Health risk of metal exposure via inhalation of cigarette sidestream smoke particulate matter

Abstract

Cigarette sidestream smoke particulate matter (CSSP) is a major source of airborne metals in the indoor environment. However, the health impacts of inhalation of CSSP-bound metals are rarely studied. In this study, we quantify the amount of 37 metals discharged through CSSP from a leading Taiwan brand of cigarette, Long Life. We also estimate cancer and non-cancer risks due to inhalation of these metals and investigate possible modes of toxic action. Long Life CSSP exhibits a distinctive carcinogenic metal profile compared with Western brands. When released to a 60-m3 poorly ventilated room, Long Life CSSP metals increase the risk for cancer by a 9.26 or 20.90 in a million chance and the hazard quotient for non-cancer toxicity by 0.496 or 0.286 per cigarette depending on risk estimation system. Cd accounts for more than 90% and 80% of cancer and non-cancer risk, respectively. Long Life CSSP also contains considerable amounts of Al, Ba, and Fe. Metals are not responsible for CSSP-induced cytotoxicity, oxidative stress, and transactivation activity of AhR, Nrf2, and ERα. However, they diminish resveratrol-activated Nrf2 activity and downstream antioxidant gene expression in low-AhR-expressing lung cells. Our results suggest that chronic exposure to Long Life CSSP elevates Cd-associated cancer and non-cancer risks. Furthermore, exposure to Long Life CSSP metals may impair Nrf2-mediated antioxidant protection.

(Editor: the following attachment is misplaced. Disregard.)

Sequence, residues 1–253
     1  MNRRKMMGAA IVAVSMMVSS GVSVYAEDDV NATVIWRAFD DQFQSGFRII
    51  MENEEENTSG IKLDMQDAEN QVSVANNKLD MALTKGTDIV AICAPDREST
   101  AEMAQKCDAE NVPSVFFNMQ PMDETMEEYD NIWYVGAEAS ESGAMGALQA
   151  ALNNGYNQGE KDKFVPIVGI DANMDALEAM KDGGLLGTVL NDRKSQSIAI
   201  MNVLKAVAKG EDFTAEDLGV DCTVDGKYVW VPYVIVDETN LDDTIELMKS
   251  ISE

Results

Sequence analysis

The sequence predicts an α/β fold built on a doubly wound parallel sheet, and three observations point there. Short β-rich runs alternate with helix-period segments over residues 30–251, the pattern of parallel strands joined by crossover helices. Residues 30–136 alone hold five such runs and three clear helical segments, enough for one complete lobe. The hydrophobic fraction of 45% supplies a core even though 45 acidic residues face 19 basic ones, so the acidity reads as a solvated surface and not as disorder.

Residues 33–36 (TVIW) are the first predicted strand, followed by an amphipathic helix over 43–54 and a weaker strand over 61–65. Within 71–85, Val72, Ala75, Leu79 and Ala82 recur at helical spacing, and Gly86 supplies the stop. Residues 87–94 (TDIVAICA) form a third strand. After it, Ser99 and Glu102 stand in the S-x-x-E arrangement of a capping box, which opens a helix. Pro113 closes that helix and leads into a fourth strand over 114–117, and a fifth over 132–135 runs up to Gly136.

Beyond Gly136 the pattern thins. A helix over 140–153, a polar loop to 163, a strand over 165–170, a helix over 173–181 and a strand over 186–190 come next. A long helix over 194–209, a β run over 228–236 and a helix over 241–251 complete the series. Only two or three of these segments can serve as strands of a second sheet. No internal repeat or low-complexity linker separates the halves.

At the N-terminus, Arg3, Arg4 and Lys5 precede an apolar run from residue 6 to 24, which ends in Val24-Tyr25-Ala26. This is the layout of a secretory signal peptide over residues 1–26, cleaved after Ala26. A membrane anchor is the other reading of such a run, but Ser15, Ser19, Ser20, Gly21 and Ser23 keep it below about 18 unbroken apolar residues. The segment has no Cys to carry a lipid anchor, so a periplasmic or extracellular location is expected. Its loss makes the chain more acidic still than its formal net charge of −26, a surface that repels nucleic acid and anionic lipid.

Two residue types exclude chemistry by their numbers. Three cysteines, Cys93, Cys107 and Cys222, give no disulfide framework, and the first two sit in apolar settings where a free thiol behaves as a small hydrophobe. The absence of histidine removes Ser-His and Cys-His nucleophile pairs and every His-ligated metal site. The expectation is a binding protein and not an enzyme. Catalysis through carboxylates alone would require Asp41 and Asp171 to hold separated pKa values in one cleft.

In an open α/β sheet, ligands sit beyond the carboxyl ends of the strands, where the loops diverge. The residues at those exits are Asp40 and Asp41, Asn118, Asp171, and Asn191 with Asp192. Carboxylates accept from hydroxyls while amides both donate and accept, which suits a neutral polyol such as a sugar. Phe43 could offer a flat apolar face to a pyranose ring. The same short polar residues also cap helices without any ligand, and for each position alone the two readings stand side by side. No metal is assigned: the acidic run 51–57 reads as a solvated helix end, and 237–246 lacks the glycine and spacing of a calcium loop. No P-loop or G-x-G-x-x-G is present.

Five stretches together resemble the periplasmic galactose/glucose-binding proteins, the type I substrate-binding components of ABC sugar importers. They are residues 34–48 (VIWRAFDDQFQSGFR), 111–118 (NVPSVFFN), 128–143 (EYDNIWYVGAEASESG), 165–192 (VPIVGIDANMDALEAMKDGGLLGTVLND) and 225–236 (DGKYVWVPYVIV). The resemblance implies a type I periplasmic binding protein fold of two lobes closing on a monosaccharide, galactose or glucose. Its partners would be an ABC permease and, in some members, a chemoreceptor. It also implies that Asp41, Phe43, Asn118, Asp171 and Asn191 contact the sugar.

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Acknowledgements

We thank Dr. Lun-Cheng Kuo and Mr. Weichia Chung for technique assistance. We also thank Dr. Hong-Yo Kang for the gift of the ERE-Luc reporter.

Funding

This work was supported by the National Health Research Institutes (EO-105-PP06 and EO-106-PP06).

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Correspondence to Lih-Ann Li.

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Supplemental Figure 1
figure4

Representative photos for CellROX Deep Red detection of ROS production in live CL1-5 cells. Cells were exposed to 0-180 μg/ml cigarette sidestream smoke particulate matter (CSSP) or equivalent amounts of constituent metal mixture (CMM) for 1 h before staining (n=6). Menadione (25 μM) was employed as a positive control. (PNG 97 kb)

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Cheng, L., Lin, C., Liu, H. et al. Health risk of metal exposure via inhalation of cigarette sidestream smoke particulate matter. Environ Sci Pollut Res 26, 10835–10845 (2019). https://doi.org/10.1007/s11356-019-04257-4

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Keywords

  • Cigarette sidestream smoke
  • Particulate matter
  • Metals
  • Health risk
  • Toxicity mechanisms